And alcohol may help, too. Or kissing. Many writers figure out that they’re being seduced or flirted with if someone is actually kissing them.
At dinner my family and I were watching TV and there was a guy on it and I was like “I know him from somewhere!” and I couldn’t figure out where I knew him from and then it that said he was a gay porn star and dinner suddenly became very awkward.
The English “please” is short for “if you please,” “if it pleases you to do this” — it is the same in most European languages (French si il vous plait, Spanish por favor). Its literal meaning is “you are under no obligation to do this.” “Hand me the salt. Not that I am saying that you have to!” This is not true; there is a social obligation, and it would be almost impossible not to comply. But etiquette largely consists of the exchange of polite fictions (to use less polite language, lies). When you ask someone to pass the salt, you are also giving them an order; by attaching the word “please,” you are saying that it is not an order. But, in fact, it is.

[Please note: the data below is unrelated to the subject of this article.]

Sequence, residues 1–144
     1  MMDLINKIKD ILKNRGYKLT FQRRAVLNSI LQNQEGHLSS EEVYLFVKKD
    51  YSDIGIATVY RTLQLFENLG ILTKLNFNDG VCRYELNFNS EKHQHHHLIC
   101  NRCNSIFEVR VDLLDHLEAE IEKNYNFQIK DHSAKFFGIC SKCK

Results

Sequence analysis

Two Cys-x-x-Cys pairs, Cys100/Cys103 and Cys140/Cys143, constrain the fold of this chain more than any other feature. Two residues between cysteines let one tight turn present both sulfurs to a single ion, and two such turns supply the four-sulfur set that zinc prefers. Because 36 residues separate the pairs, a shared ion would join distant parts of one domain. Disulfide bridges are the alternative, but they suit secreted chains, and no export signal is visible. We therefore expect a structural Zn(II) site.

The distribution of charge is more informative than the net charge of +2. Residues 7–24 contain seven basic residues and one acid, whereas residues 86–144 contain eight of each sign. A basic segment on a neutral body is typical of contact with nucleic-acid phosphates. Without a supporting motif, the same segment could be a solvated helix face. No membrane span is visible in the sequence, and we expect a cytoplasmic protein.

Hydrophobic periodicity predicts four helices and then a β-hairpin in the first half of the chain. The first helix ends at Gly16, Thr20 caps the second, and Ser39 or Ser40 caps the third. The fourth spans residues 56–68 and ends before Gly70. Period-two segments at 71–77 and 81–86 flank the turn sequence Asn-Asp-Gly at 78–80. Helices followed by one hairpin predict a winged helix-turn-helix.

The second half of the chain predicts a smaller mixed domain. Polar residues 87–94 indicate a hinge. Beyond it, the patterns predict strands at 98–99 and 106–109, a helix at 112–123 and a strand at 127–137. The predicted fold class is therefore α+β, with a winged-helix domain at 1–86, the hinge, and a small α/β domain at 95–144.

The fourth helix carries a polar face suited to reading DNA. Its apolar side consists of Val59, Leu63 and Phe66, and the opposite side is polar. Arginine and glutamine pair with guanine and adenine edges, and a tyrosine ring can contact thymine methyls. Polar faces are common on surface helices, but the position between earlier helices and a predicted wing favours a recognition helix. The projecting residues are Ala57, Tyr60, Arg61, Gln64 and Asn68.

In English, “thank you” derives from “think,” it originally meant, “I will remember what you did for me” — which is usually not true either — but in other languages (the Portuguese obrigado is a good example) the standard term follows the form of the English “much obliged” — it actually does mean “I am in your debt.” The French merci is even more graphic: it derives from “mercy,” as in begging for mercy; by saying it you are symbolically placing yourself in your benefactor’s power — since a debtor is, after all, a criminal. Saying “you’re welcome,” or “it’s nothing” (French de rien, Spanish de nada) — the latter has at least the advantage of often being literally true — is a way of reassuring the one to whom one has passed the salt that you are not actually inscribing a debit in your imaginary moral account book. So is saying “my pleasure” — you are saying, “No, actually, it’s a credit, not a debit — you did me a favor because in asking me to pass the salt, you gave me the opportunity to do something I found rewarding in itself!